I’ve spent the last week in and out of restaurants, hotels and airports. I’ve rented cars and gone to the theater and I added in a little shopping. I also met some friends but I’m really not here to give you my travel itinerary. What most of these situations have in common is the need to interact with people in different service industries. And the experience was as varied as the people themselves.

Some of them were lovely, smiling, friendly and accommodating. I particularly enjoy it when they tell me to have a “blessed day”. A blessing with my groceries or car rental!

Unfortunately, there were others who were, shall we say, less deserving of praise. They greeted me with a frown – actually they didn’t greet me at all but they did keep frowning – and made me feel like my requests, no matter how politely phrased, were a real intrusion on their day.

The first time it happened my husband tried to joke about it. “Her name must be Sparkle.” But then there was another encounter with another Sparkle and then yet another...

And I really got to wondering why they do this. Forget about me; wouldn’t their day be nicer if they greeted their customers cheerfully? Wouldn’t they enjoy their job more if they made relationships, however brief, with those they served? Wouldn’t they go home at the end of the day in a better mood if they gave all their clients a blessing instead of the cold shoulder? It seems so self-defeating.

And yet we all engage in that kind of behavior. We allow our bad moods to determine our behavior which frequently leads to sinking even deeper into negativity, as opposed to rising up out of it.

It takes slightly more effort to smile than to frown, to ask someone how they’re doing instead of ignoring them, to explicitly express good wishes rather than implicitly express bad ones. But the payoff is so much greater.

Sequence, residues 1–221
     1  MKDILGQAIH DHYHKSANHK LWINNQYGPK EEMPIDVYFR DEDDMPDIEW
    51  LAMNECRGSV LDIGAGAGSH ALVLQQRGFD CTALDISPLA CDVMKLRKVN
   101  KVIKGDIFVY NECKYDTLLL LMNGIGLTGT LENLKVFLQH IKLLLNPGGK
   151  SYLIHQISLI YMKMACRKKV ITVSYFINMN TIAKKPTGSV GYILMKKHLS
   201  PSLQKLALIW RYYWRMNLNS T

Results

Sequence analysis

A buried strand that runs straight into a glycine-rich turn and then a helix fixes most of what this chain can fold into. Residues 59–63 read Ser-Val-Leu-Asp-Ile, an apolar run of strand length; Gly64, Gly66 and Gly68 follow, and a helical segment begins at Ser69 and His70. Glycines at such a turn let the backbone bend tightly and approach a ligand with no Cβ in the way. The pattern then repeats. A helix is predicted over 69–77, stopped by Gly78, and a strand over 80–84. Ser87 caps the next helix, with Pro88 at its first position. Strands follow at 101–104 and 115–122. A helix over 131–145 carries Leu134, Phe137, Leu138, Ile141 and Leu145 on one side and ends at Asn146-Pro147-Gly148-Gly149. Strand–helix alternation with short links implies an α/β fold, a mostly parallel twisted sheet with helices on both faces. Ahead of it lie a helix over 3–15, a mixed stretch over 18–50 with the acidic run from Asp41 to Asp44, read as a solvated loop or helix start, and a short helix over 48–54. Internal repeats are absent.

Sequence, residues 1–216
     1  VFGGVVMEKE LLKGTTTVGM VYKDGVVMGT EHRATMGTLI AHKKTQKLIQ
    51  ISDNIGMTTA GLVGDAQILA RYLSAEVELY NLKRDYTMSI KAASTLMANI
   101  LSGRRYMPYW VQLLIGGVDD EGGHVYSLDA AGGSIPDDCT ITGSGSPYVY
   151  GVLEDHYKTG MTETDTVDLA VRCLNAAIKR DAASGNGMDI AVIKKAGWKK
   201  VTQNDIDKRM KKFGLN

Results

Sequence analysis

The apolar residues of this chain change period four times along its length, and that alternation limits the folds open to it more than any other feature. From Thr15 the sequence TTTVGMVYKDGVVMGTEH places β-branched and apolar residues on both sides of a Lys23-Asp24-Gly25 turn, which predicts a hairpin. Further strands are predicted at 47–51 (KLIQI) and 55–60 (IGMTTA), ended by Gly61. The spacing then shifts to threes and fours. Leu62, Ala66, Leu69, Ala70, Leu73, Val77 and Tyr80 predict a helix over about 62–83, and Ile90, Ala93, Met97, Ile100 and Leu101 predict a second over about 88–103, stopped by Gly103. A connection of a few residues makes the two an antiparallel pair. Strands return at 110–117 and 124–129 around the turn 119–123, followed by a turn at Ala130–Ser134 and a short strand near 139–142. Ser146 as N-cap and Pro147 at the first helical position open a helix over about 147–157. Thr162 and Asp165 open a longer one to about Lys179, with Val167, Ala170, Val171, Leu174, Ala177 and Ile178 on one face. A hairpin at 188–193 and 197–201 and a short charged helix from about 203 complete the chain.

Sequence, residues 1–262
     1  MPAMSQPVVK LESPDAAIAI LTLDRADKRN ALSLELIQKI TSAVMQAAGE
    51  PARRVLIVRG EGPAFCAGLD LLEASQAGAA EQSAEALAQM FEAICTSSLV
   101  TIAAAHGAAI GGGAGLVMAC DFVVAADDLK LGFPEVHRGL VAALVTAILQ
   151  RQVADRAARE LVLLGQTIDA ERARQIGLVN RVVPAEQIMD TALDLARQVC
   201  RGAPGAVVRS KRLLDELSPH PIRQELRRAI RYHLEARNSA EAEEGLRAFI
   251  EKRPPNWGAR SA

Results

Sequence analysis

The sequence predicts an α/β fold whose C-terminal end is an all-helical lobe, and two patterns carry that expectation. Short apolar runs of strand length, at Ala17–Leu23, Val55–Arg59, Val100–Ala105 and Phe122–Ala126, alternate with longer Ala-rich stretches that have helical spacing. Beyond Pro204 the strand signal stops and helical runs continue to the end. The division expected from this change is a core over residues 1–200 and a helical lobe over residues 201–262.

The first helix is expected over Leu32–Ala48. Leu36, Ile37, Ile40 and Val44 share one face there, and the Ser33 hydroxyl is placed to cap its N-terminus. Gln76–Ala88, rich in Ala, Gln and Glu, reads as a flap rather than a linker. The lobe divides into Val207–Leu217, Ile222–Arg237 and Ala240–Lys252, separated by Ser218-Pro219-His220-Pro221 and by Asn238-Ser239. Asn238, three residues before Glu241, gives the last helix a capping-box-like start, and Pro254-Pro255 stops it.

I understand the desire to just give in to the grumpiness; I think we all understand it. It seems easier and freer. But it’s so much lonelier. It erects walls rather than pulling them down.

I expect that in the big city we were visiting, even hello to a stranger may lead to a sense of vulnerability. But I’m not suggesting we invite them home; just treat them the way we’d like to be treated, just to follow the dictum of Hillel and not do to others that which is hateful to us.

It’s the little things that create community and relationships and it’s also the little things that destroy them.

All the current research suggests that loneliness and alienation contribute to a more rapid physical and psychological decline. It’s even in our self-interest to behave better.

But it’s in our spiritual self-interest as well because when we treat the Almighty’s children, the ones we know and the ones we don’t, the ones we serve and the ones who serve us, the ones we meet in brief chance encounters and the regulars in our live, with love and compassion He will return it to us tenfold. And we will become better in the process. That seems like powerful motivation to me.

I wish I could say that I was going to avoid that city or those situations in the future but that would invalidate all the lovely people and experiences. What I can do is work on taking the initiative and reaching out with greater friendliness to everyone I meet. Hopefully it will be returned in kind.